Depression in WomenNameInstitutionInstructorCourseDate Depression in WomenResearch has indicated that women are more likely to be diagnosed with depression than men due to different aspects, which people believe might be contributing to these statistics (Comer, 2018). One of the reasons includes genetic vulnerability, which are inherited characteristics, which are passed down from parents to their children (Comer, 2018). Research has indicated that an individual who has a relative suffering from depression is five times likely to develop the condition with women having a 42 percent chance of having depression attributed to the hereditary aspect. Men have a 29 percent which is a low percent compared to the women (Albert, 2015). There are also cases of certain genetic mutations, which are attributed to the development of depression in women.Another theory, which is attributed to the high number of women likely to be diagnosed with depression than men, is hormone theory with studies indicating a high prevalence of depression in women, which starts at puberty (Albert, 2015). Women experience hormonal changes due to the menstrual cycle each month, which can bring about symptoms, which are similar, those that occur in depression (Albert, 2015).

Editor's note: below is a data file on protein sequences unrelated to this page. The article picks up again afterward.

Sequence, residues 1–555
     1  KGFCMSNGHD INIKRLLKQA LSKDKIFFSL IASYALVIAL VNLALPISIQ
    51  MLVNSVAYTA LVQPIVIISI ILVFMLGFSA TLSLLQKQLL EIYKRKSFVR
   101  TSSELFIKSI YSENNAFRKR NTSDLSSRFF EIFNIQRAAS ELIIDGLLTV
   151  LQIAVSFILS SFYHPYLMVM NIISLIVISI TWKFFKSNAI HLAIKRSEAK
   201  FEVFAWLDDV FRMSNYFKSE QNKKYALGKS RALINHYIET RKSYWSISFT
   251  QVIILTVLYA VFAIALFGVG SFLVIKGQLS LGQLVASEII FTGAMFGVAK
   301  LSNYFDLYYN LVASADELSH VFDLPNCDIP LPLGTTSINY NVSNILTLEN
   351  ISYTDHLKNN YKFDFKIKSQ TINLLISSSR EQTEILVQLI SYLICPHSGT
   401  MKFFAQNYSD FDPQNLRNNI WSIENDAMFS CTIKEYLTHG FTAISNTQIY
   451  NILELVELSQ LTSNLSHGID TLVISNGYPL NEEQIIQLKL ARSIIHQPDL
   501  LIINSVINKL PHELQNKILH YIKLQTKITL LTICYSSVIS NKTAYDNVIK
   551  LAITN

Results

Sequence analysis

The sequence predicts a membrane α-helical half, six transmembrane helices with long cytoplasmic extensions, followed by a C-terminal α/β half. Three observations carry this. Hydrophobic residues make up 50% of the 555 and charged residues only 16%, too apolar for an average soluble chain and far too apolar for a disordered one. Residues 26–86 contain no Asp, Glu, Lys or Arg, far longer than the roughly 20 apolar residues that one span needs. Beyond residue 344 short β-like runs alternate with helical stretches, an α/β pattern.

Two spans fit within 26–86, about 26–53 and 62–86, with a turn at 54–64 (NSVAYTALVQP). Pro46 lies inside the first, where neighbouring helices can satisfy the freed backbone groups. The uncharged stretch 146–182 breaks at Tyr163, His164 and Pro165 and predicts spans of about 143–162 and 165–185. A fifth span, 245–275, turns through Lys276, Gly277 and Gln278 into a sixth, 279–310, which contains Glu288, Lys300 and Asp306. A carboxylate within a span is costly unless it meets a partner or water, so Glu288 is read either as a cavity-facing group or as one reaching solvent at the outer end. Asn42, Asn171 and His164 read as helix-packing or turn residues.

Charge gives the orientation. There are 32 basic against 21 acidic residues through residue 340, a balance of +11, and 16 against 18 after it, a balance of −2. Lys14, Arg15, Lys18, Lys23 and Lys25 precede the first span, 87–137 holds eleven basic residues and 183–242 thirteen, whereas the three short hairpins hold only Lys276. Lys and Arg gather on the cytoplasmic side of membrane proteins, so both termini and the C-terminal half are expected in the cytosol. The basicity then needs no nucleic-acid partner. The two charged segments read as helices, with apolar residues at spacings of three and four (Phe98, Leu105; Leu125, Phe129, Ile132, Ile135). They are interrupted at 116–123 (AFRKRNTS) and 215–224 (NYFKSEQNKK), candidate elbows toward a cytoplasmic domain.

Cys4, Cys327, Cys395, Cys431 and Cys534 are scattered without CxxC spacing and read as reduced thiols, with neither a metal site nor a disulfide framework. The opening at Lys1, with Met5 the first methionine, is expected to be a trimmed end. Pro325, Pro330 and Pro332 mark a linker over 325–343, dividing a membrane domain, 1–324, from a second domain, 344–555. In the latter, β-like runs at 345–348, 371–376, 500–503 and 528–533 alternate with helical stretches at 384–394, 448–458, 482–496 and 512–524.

These symptoms may reoccur later on in life leading to a major depressive disorder. In the menopause stage, women also experience changes in the hormones, which are attributed to an increased risk of developing depression. Estrogen and progesterone also increase during pregnancy, which can increase the risk of depression and other anxiety disorders (Albert, 2015).
ReferencesAlbert, P. (2015). Why is depression more prevalent in women? Journal of Psychiatry & Neuroscience, 40(4), 219-221.Comer, R. J.
(2018). Abnormal psychology (10th ed.) New York, NY: Worth Publishers.